Offline Soeren

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Re: Parasitic Voltage From Motor Controller Inputs
« Reply #3 on: March 20, 2011, 11:30:19 PM »
Hi,

[] I was mostly curious about whether this is a common problem (it must be) and how to avoid it.
I haven't seen it, so it's a little hard to whip out an easy solution, especially since your description is a bit foggy - I'm still not sure what you define as a peripheral board (which apparently isn't the controller, nor the ESC)?
Adding a drawing would probably help quite a bit, a schematic of the interface that has the problem would help as well and so would jotting down the voltmeter readings that you have (or should have, at least) taken.

An LED is not a sure indicator of 5V and doesn't show whether something is just ghosted or if you have a large capacitance holding power for a while. It can be lots of things and you'll only get good answers if you present good questions, meaning that you need to be our eyes, as we cannot see what the circuit looks like or what you have done - They neither teach mind reading nor ESP at the engineering faculties.


Thank you for taking the time to look at this and the in-depth reply; this was a great introductory experience to this forum, the atmosphere here seems quite helpful.
We can only reply as in-depth as the information allows. The better you describe the problem, the more helpful we can be.
Regards,
Søren

A rather fast and fairly heavy robot with quite large wheels needs what? A lot of power?
Please remember...
Engineering is based on numbers - not adjectives

Offline Fr0stAngel

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Re: Parasitic Voltage From Motor Controller Inputs
« Reply #4 on: March 21, 2011, 08:39:14 AM »
Quote
When main power is disconnected from the peripheral 5V LDO, but the Arduino PWM lines are still connected to the motor controller, and the motor controller is still connected to the output of the 5V LDO, my 5V power LEDs still light. When either the motor controller is disconnected from the 5V rail or the PWM lines are disconnected from the Arduino, the LEDs turn off (the correct state, as there is no main power to the 5V LDO). Also, I've experimented with the diode installed such that current can only flow from the LDO to the motor controller, and this also shuts off the LEDs.
LEDs are diodes, ( they light up in only one direction, they don't respond to reverse voltages) so my guess would be to check the connections on the PCB ( same sort of thing happened to me, i had accidently  had current flow between two traces that shouldn't have been, cause i messed up a bit in soldering).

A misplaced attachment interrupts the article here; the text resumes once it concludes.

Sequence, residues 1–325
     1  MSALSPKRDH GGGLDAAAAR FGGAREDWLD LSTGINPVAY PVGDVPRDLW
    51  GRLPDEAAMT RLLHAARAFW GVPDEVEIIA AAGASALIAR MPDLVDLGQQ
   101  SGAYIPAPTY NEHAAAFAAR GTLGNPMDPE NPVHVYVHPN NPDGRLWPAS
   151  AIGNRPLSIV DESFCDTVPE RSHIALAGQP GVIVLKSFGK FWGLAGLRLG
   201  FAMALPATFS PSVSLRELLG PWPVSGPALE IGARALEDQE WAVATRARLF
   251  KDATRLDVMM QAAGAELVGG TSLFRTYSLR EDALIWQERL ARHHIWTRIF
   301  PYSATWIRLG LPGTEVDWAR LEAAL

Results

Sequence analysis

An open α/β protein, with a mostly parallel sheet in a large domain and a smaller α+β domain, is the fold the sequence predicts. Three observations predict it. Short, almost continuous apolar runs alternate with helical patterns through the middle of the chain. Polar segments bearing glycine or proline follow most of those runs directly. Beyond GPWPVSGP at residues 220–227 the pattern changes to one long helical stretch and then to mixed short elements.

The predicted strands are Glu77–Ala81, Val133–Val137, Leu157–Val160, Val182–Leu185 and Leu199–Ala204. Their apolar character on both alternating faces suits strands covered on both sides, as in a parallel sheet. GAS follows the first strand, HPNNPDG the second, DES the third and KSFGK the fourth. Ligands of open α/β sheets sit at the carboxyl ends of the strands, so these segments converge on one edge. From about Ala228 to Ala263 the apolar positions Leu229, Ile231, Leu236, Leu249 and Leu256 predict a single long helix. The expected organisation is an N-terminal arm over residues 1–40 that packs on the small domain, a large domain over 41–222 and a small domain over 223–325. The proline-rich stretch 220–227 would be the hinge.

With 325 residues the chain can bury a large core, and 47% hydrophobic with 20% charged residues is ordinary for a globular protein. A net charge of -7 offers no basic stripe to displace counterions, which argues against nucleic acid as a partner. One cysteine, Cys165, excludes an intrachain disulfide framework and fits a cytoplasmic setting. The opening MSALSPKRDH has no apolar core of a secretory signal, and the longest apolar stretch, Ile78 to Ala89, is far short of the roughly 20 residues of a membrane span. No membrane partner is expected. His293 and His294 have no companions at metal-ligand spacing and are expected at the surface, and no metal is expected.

So, use a multi meter to check the traces, if nothing there is wrong then perhaps there is need for diodes as motor circuits are prone to back emfs.
'crazy' is the new hype! =)

Offline eric.williams.neuTopic starter

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Re: Parasitic Voltage From Motor Controller Inputs
« Reply #5 on: March 21, 2011, 12:04:13 PM »
We can only reply as in-depth as the information allows. The better you describe the problem, the more helpful we can be.
I believe the internet ate my tone: there was no sarcasm or malice there. I was genuinely happy to see that you took the time to break down my post and respond point by point. My apologies for any confusion.

As for the schematic, hopefully this image (I don't have a formal diagram yet) will help:
https://picasaweb.google.com/lh/photo/x1hnuJUfSuaWRNxvY0jGSg?feat=directlink

Offline Soeren

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Re: Parasitic Voltage From Motor Controller Inputs
« Reply #6 on: March 22, 2011, 09:15:00 PM »
Hi,

I believe the internet ate my tone:
Oh well, it's under the bridge.


As for the schematic, hopefully this image (I don't have a formal diagram yet) will help:
Yes.
Since I have no clue as to the innards of any of the boxes, the easiest suggestion I can come up with is like you suggested yourself: A diode in the 5V power line.

But to do this, you need to up the output a diode drop, by placing a diode between the ground pin of the 5V LDO and ground (forward biased, i.e. cathode to ground).
However, this may need a change of output capacitor, should it become unstable - LDO's are notorious for being a bit picky about how they're used.

If you build the power section yourself, you could always change it for a regular 5V (i.e. non-LDO) regulator.

There's no point in using an LDO anyway, as you have 24V in. LDO's are for situations where you have an input voltage of around 6V-7V.

If anything, it would be better to replace it by a switcher, as you loose 3.8W for each 1W that you use, making its efficiency less than 21%!
Regards,
Søren

A rather fast and fairly heavy robot with quite large wheels needs what? A lot of power?
Please remember...
Engineering is based on numbers - not adjectives